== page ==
Instead of Professor X we get Emma Frost, a powerful psychic who looks like a retired stripper and who has access to the so-called "Dream Dimension." The villain's evil master plan is to take over the dream realm and exploit it to sell video games and deodorants.
"Now that you're at my mercy, can I interest you in some magazine subscriptions?"
Because mutant brains are essential to Tresh's plan, he starts visiting the teenage X-Men in their dreams, calling himself "Uncle Russ" and acting like a cross between Freddy Krueger and Gary Glitter. When he finally manages to lure a mutant kid into his lab he quickly traps him inside a weird S&M device, complete with ball gag ...
... and then pulls out a straight razor and threatens to circumcise the 17-year-old strapped to the table. Seriously. We have video:
Yeah, about the villain ... in the first (real) X-Men movie, Bryan Singer had Magneto played by Ian McKellen, an accomplished Shakespearean actor who could bring a level of pathos and dignity to the role. For Generation X, they cast the guy who played Max Headroom. And then they had him play the most disturbing villain the history of crappy low-budget TV movies.
By the way, Tresh's plan to use his dream device to plant ideas in unsuspecting brains strangely mirrors the plot of Inception -- if Christopher Nolan had written it at age 13.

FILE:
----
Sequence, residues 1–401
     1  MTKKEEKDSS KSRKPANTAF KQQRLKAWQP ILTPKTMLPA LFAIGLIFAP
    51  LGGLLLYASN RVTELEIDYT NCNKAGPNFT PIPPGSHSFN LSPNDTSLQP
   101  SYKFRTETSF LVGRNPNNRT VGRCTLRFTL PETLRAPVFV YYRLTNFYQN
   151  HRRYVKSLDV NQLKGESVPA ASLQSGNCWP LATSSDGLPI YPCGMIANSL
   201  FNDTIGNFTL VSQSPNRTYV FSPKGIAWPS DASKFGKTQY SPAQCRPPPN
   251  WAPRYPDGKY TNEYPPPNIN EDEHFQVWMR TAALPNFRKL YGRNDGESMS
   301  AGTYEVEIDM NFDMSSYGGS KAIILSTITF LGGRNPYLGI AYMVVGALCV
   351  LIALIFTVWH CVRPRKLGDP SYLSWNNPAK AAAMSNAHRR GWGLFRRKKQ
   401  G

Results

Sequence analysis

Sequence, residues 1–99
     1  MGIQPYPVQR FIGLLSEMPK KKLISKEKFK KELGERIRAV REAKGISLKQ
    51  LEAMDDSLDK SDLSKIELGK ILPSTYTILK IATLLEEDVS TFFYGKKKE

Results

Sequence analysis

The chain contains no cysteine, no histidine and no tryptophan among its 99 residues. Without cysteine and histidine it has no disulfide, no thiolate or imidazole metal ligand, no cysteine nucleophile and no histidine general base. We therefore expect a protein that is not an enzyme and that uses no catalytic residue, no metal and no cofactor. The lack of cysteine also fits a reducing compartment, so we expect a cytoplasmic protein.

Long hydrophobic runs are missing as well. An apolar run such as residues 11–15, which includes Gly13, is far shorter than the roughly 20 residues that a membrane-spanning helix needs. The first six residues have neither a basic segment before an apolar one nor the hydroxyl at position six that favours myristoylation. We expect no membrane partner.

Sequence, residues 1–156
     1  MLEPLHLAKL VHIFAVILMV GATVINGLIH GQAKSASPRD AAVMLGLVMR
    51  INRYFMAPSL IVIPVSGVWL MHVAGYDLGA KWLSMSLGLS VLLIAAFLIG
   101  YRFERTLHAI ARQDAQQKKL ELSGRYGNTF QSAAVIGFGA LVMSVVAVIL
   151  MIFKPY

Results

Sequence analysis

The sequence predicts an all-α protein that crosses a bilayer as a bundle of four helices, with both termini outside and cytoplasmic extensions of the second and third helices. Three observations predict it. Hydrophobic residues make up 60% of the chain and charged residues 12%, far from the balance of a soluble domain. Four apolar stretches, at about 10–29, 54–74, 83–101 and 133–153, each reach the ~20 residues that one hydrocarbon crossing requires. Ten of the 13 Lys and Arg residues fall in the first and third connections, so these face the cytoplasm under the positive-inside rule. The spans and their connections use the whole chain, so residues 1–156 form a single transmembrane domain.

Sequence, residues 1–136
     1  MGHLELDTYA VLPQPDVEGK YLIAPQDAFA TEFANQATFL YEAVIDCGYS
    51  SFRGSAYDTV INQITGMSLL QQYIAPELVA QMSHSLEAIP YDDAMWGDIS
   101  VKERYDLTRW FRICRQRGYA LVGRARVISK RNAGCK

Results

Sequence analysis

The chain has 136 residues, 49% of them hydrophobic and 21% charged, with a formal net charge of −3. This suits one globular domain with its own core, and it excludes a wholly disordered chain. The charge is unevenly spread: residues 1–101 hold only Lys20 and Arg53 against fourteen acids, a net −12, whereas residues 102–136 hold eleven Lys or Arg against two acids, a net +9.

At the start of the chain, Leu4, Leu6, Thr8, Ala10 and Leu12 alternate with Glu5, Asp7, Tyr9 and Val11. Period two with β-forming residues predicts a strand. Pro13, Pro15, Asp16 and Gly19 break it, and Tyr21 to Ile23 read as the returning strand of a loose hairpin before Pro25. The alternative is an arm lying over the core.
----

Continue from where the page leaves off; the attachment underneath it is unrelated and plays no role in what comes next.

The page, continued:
Anthony Scibelli is a handsome stand-up comedian and comedy writer. When he's not thinking about cartoons, he's updating his comedy blog, "There's No Success Like Failure."
To see low-budget knock-offs that are still better than these turds, check out 9 Foreign Rip-Offs Cooler Than The Hollywood Originals. Or check some out that'll just straight rape your brain, in The 6 Most Psychotic Rip-Offs of Famous Animated Films.
And stop by Linkstorm (Updated) to see Emma Frost in her days before tutoring mutants. (Her strippin' days.)
Do you have an idea in mind that would make a great article? Then sign up for our writers workshop! Do you possess expert skills in image creation and manipulation? Mediocre? Even rudimentary? Are you frightened by MS Paint and simply have a funny idea? You can create an infograpic and you could be on the front page of Cracked.com tomorrow!